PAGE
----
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WorldTies: Campaign against ‘suspicious’ imams continues

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  • Damian J. Anderson
    http://www.dailytimes.com.pk/default.asp?page=2006%5C12%5C01%5Cstory_1-12-2006_pg7_33 *http://tinyurl.com/yyhohc* Friday, December 01, 2006
    Message 1 of 1 , Nov 30, 2006



      Friday, December 01, 2006

      Campaign against 'suspicious' imams continues

      By Khalid Hasan

      The Daily Times, Lahore, Pakistan

      WASHINGTON: The capital's second newspaper, the right-wing Washington Times which is owned by Rev Sun Myung Moon's Unification Church, is continuing what increasingly looks like a campaign aimed at discrediting the six Muslim prayer leaders who were taken off a plane because their behaviour was considered "suspicious" by some.

      On Wednesday, the newspaper reported that air marshals, pilots and security officials have expressed concern that airline passengers and crews will be reluctant to report "suspicious behaviour" aboard for fear of being called "racists". The six imams who were offloaded, handcuffed and interrogated, held a press conference on Monday at the Ronald Reagan Washington National Airport decrying the manner in which they had been treated. According to the newspaper, several passengers said the imams tried to intimidate them by loudly praying and moving around the plane. The imams urged Congress to enact laws to prohibit ethnic and religious "profiling".

      The newspaper quoted an unnamed federal air marshal as saying, "The crew and passengers act as our additional eyes and ears on every flight. If (crew and passengers) are afraid of reporting suspicious individuals out of fear of being labelled a racist or bigot, then terrorists will certainly use those fears to their advantage in future aviation attacks. The political correctness needs to be left at the boarding gate. Instilling politically correct fears into the minds of airline passengers is nothing less than psychological terrorism."

      Robert MacLean, a former federal air marshal, told the newspaper that the situation "will make crews and passengers in the future second-guess reporting these events, thus compromising the aircraft's security out of fear of being labelled a dogmatist or a bigot, or being sued". A Minneapolis police officer and a federal air marshal who were called to the plane after the imams refused to leave the aircraft for questioning were quoted in the report as saying that "the seating configuration, the request for seat-belt extensions, the prior praying and utterances about Allah and the United States in the gate area … was suspicious". The newspaper also quoted a pilot from an airline other than US Airways where the incident took place that it would have a chilling effect on the flight crews. "The flight crew may be a little more gun-shy about approaching people, they may have a higher standard for the next few weeks for screening unusual behaviour. I hope that's not the case, because I do think US Airways did the proper thing."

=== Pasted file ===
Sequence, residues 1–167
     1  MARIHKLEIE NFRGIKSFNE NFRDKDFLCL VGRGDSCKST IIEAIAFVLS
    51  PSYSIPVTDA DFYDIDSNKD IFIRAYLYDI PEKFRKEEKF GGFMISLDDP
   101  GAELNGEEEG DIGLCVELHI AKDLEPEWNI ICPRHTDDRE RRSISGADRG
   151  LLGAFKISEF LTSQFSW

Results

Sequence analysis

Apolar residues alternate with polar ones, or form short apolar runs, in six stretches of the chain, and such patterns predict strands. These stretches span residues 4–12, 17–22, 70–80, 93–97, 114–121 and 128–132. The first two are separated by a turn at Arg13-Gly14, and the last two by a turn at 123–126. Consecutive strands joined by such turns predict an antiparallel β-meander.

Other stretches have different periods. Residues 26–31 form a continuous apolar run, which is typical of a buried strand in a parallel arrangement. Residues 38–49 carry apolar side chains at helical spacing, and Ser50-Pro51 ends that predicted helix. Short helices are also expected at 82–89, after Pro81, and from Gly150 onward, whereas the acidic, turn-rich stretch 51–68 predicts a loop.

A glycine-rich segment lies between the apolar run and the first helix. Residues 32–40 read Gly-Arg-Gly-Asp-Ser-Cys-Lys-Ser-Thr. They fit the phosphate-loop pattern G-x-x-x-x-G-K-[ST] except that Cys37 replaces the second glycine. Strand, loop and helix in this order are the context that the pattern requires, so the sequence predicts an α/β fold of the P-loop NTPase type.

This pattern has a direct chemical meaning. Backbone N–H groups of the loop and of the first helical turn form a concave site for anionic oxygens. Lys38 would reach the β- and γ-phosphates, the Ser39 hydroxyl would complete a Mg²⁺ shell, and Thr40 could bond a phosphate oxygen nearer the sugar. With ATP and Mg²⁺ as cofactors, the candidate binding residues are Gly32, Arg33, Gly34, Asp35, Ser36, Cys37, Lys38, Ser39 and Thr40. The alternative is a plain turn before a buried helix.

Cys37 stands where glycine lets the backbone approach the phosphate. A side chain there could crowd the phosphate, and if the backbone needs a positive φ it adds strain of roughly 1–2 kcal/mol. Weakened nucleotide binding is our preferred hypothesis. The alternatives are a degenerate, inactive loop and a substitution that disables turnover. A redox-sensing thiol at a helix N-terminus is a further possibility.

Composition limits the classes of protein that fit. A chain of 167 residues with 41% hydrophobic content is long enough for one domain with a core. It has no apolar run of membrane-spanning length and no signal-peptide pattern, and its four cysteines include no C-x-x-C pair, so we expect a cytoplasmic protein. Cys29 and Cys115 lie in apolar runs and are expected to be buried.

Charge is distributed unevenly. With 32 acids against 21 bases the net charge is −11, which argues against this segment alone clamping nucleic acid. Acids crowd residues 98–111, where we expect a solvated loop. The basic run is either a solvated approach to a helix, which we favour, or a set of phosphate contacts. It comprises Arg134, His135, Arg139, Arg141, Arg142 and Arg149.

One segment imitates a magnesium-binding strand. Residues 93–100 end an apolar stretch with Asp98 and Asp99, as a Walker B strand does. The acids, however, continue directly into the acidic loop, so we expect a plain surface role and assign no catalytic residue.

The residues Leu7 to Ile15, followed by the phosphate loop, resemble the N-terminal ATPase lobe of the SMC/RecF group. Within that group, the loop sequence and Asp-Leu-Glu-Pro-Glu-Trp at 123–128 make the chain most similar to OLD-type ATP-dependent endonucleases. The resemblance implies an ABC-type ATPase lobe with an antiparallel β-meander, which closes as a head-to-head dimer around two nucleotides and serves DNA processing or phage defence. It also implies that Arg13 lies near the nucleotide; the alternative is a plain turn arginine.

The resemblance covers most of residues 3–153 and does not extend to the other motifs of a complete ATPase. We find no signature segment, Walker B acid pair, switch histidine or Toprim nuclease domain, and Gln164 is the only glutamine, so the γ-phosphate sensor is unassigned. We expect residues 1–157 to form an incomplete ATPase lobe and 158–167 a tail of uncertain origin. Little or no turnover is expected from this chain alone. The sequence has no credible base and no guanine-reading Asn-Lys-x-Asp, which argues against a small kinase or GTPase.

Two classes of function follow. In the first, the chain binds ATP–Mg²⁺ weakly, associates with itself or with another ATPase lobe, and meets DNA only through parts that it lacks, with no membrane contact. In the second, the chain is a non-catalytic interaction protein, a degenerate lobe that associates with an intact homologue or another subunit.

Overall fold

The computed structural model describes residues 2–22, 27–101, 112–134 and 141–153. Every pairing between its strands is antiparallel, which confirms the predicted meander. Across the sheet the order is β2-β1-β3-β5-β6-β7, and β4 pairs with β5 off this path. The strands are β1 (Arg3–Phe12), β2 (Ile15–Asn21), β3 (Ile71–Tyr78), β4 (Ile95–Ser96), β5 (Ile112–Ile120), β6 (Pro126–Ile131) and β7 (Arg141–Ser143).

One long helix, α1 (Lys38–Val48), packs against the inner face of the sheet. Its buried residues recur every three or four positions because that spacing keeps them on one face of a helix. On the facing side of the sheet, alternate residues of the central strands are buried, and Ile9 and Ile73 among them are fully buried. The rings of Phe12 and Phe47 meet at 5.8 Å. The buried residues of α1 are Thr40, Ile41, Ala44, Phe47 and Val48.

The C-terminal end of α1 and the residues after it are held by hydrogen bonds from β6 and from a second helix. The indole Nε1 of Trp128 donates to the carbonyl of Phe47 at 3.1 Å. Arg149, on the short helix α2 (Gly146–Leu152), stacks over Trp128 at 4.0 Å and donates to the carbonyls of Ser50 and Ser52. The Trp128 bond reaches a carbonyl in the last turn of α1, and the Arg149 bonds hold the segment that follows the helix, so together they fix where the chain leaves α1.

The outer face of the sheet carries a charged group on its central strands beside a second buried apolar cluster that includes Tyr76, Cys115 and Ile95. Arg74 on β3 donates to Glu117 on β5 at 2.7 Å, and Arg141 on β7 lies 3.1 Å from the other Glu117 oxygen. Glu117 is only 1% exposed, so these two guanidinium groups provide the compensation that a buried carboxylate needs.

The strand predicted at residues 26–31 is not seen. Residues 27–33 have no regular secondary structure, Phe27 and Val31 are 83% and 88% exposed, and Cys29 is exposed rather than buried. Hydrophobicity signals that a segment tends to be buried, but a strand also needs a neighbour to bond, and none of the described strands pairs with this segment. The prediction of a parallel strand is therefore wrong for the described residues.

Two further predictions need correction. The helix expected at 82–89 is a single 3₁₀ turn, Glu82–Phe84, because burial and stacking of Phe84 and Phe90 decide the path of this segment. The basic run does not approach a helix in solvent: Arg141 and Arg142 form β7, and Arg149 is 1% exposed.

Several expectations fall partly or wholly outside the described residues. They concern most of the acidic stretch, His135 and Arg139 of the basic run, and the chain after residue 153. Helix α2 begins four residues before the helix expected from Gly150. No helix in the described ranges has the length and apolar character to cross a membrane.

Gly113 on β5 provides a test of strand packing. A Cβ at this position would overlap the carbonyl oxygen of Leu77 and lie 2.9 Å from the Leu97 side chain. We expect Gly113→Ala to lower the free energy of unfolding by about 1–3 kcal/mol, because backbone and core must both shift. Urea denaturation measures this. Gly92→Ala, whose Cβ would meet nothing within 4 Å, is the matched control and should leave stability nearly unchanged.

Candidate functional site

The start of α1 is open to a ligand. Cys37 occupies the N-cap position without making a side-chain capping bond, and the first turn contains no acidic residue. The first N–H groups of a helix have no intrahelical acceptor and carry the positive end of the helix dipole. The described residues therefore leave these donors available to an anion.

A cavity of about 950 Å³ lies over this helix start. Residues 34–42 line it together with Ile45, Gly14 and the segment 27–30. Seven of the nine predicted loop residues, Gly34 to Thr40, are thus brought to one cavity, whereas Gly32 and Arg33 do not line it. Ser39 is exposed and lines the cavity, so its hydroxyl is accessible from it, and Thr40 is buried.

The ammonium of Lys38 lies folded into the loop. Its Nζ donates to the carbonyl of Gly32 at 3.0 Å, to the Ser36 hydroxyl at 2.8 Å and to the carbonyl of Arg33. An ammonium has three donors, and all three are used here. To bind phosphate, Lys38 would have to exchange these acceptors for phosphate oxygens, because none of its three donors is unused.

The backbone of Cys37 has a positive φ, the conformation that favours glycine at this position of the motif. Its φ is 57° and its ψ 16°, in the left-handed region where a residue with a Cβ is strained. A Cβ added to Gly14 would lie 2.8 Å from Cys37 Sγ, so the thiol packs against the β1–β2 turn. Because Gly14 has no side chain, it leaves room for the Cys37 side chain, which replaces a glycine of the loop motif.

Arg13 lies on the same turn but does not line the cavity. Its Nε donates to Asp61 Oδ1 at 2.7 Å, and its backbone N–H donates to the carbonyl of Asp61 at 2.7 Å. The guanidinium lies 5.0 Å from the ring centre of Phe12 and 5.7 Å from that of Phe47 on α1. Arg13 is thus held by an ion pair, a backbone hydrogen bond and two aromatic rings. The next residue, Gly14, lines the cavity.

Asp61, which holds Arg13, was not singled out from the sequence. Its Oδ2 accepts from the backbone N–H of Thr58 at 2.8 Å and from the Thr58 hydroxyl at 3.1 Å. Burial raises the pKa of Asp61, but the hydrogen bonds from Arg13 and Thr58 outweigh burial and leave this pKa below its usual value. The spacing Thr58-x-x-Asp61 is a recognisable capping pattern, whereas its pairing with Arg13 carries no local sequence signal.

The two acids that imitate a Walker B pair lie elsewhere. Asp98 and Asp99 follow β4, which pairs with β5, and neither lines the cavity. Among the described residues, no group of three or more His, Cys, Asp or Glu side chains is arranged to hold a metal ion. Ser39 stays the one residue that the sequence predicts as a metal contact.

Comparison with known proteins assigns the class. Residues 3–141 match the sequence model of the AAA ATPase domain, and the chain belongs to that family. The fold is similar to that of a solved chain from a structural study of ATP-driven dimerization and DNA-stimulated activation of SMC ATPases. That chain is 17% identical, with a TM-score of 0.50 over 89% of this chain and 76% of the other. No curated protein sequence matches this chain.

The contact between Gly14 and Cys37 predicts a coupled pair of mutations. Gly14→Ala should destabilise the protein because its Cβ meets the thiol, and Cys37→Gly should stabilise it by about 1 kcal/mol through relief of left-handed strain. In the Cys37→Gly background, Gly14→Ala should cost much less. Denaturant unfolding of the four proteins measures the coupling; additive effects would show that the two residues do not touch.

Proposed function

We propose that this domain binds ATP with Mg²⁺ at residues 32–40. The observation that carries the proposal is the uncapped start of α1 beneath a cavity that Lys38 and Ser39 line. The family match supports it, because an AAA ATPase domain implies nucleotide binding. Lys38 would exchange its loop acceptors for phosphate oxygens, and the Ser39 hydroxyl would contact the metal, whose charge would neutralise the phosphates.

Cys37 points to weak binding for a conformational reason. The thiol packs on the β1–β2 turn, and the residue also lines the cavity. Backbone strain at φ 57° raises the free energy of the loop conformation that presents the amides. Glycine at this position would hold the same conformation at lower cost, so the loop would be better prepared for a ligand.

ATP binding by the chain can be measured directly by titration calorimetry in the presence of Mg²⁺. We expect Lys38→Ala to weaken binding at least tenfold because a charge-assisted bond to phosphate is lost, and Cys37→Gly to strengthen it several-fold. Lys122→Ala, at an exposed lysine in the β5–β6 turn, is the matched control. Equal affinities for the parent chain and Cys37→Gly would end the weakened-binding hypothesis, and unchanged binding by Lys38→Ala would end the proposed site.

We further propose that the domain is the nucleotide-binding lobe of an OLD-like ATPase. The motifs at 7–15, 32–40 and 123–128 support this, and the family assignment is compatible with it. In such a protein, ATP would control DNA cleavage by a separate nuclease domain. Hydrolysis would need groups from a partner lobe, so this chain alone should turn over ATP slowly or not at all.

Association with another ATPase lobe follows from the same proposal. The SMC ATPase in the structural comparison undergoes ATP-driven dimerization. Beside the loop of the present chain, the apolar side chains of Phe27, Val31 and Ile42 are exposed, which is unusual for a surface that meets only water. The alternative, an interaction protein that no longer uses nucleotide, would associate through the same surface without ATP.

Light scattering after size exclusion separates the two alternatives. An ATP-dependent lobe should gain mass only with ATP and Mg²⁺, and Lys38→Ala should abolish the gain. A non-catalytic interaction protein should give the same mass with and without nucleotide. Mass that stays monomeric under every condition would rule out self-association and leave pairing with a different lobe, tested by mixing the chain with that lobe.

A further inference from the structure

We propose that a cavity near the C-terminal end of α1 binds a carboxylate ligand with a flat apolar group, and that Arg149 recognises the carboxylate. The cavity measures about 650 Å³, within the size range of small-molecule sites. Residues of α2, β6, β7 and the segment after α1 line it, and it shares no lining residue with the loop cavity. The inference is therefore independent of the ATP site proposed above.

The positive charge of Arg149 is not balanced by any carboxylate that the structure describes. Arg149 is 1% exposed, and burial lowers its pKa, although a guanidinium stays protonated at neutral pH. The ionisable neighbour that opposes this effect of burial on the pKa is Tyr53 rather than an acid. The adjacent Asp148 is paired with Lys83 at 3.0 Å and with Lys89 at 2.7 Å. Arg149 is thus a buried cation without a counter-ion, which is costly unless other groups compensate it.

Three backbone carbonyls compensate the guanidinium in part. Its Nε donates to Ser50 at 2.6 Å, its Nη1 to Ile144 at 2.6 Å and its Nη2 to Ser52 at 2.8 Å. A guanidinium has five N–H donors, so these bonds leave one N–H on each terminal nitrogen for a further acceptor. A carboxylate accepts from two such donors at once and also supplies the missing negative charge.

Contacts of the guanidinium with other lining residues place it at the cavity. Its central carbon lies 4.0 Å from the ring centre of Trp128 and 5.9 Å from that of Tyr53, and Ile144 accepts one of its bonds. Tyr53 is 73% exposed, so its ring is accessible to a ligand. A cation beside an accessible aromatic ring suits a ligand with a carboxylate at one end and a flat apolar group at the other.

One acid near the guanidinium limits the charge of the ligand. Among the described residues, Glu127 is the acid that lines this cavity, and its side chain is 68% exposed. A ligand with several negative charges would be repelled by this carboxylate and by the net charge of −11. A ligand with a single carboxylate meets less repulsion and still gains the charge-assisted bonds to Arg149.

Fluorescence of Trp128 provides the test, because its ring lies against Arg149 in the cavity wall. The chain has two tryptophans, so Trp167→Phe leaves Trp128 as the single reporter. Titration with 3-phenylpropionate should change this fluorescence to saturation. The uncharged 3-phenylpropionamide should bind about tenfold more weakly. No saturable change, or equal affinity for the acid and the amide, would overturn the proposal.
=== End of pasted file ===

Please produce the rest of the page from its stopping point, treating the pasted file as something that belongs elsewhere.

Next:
The report also quoted Rabiah Ahmed, a spokeswoman for the Council on American-Islamic Relations (CAIR), who said Muslims "have to walk around on eggshells in public just because we don't want to be misconstrued as suspicious. You have to strike a balance between legitimate fears which people may have, but not allow passengers to have so much discretion that they can trigger a process that would violate a traveller's basic civil rights. Because one person misunderstood the actions of other law-abiding citizens, they were able to trigger a very long and daunting process for other travellers that were pulled off the plane in handcuffs and detained for many hours before they were cleared."

      US Airways, however, remains unrepentant. Andrea Rader, a spokeswoman, said its employees "are going to do what is appropriate" to ensure that aeroplanes are safe and will not be dissuaded by the uproar over last week's incident. "I don't think people will be less vigilant as a result of this, and I think that's appropriate. There is a balance, and I think we will continue to achieve that. Our crews and people on the airplanes are going to watch for behaviour that raises concerns."

      Damian J. Anderson
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